Welcome to the June 2020 edition of our Retail & Consumer monthly news round-up.
This newsletter focuses on key news and updates for retail and consumer-facing businesses around the world, including our latest briefings on the COVID-19 pandemic and its impact on the sector.
You can find all our COVID-19-related updates for retail and consumer businesses on our dedicated In Focus page here.
Please get in touch, or visit our webpage for more information about Bird & Bird's Retail & Consumer Group.
In this newsletter:
UK Government guidance urges contractual parties to act responsibly and fairly in the national interest to support the response to COVID-19
On 7 May 2020 the UK Government published a note setting out guidance and recommendations urging parties who have active contractual arrangements which are materially affected by COVID-19 to act responsibly and fairly in performing and enforcing their contracts. For many businesses in the Retail & Consumer sector the question of what is the post-COVID ‘new normal’ and how they get there will depend, to some extent, on how existing contractual arrangements play out. The guidance could prove valuable in finding a commercial, rather than legal path, out of the current crisis and into the future.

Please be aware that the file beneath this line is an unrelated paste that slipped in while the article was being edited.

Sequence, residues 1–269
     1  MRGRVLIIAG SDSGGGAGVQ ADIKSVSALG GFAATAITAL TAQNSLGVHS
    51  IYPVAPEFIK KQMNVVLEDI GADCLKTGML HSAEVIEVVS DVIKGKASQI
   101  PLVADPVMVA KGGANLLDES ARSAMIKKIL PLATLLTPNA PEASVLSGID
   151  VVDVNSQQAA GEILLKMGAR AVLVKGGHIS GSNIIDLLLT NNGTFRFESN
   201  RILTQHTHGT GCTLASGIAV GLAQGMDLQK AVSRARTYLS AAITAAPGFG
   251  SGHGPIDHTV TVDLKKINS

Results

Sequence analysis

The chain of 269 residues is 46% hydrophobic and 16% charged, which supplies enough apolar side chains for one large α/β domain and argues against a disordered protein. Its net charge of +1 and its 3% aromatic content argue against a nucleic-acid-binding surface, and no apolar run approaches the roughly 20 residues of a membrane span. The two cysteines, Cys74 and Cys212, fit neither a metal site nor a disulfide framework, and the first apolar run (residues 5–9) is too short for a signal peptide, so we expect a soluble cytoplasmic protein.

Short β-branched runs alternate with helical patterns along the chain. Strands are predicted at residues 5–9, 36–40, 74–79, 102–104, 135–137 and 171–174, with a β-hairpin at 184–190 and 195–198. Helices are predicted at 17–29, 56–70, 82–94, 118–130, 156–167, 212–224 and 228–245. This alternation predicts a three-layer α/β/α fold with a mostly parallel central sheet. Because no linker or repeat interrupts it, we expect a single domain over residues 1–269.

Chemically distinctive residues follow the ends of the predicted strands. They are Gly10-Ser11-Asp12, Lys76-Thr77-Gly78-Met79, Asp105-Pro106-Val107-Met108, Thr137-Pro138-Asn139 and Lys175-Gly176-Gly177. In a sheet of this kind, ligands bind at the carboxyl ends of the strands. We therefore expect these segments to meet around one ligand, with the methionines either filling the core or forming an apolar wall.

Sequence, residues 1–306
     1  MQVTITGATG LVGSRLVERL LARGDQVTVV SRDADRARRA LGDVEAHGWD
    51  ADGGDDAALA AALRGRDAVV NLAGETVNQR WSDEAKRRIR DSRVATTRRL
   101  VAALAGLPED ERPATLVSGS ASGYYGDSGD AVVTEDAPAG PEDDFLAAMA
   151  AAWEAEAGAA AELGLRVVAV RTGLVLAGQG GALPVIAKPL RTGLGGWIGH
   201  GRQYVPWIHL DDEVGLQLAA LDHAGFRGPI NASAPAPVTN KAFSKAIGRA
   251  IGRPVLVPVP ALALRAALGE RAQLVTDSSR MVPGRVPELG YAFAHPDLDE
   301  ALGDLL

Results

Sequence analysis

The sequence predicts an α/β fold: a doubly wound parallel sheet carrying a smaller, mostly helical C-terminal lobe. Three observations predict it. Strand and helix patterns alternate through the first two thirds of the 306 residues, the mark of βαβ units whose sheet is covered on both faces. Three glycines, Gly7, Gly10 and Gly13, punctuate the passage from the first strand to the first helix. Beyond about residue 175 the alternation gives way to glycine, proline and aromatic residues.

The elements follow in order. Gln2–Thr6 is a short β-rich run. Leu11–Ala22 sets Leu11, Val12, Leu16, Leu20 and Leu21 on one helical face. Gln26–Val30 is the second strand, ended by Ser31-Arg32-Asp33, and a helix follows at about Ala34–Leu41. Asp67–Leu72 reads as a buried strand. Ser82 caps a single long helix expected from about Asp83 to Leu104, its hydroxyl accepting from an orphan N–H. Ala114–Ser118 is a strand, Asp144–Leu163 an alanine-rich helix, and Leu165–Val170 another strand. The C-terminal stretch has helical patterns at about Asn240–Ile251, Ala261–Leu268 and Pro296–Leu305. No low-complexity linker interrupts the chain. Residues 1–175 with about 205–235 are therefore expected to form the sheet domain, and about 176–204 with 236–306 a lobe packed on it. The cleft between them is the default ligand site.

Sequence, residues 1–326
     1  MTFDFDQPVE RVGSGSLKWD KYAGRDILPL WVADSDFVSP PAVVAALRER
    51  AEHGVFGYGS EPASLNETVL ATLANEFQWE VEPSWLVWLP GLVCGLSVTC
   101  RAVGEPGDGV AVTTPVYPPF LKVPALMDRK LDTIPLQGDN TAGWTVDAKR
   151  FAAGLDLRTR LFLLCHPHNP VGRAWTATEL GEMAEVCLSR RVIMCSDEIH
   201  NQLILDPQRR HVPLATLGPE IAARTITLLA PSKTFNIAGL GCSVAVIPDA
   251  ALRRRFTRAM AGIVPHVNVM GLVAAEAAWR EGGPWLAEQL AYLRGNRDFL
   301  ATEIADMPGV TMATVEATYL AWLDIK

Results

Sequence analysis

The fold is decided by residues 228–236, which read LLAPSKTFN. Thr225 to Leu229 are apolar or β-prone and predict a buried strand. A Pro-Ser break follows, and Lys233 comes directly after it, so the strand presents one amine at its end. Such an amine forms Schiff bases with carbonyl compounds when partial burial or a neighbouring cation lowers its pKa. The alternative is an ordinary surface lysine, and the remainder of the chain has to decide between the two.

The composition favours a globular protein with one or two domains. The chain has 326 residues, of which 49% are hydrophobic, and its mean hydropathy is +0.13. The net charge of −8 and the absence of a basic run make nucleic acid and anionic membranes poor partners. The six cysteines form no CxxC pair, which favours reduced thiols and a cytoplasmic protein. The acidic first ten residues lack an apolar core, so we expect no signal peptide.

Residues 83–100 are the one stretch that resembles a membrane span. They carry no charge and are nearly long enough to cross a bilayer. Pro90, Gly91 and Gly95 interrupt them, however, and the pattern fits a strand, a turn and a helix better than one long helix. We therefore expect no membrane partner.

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Crisis driven changes to trading activity
Businesses grappling with the broad range issues brought about by the pandemic will be conserving cash wherever possible. In the UK, they may have taken advantage of the Job Retention Scheme to continue paying staff or applied for one of the COVID-19 support loans or grants offered by the government. They may also have taken advantage of VAT deferral arrangements. However, businesses will also want to maximise the benefit of any trading losses they realise to mitigate their corporation tax liabilities.
Many businesses have diversified in order to stay afloat. The media is full of stories of the local pub which has become a grocery delivery service, the brewery making hand sanitiser and the clothes manufacturer making PPE. In addition, there are tales of restaurants crowdfunding income to enable them to cook and donate meals to the NHS.
In response to the new offerings by businesses across the UK as they adapt to COVID-19 restrictions, HMRC has updated one of its manuals, focusing on the implications of changes to trading activities arising as a result of the current pandemic. Although HMRC has tried to take a business-friendly approach during the pandemic, there may be unintended tax consequences of the strategies that businesses have adopted to survive.
Considering consumers: top tips for consumer law compliance
Consumers are increasingly aware of – and vocal about – their rights. That’s why it’s important to get your interactions with them right from the outset, not only to ensure that you’re complying with the law but also to demonstrate to your customers that you value them and are aware of and respect their rights.
Two important ways in which you’ll interact with customers, existing and prospective, is through your marketing activities and your terms and conditions.
New Italian legislation on ambush marketing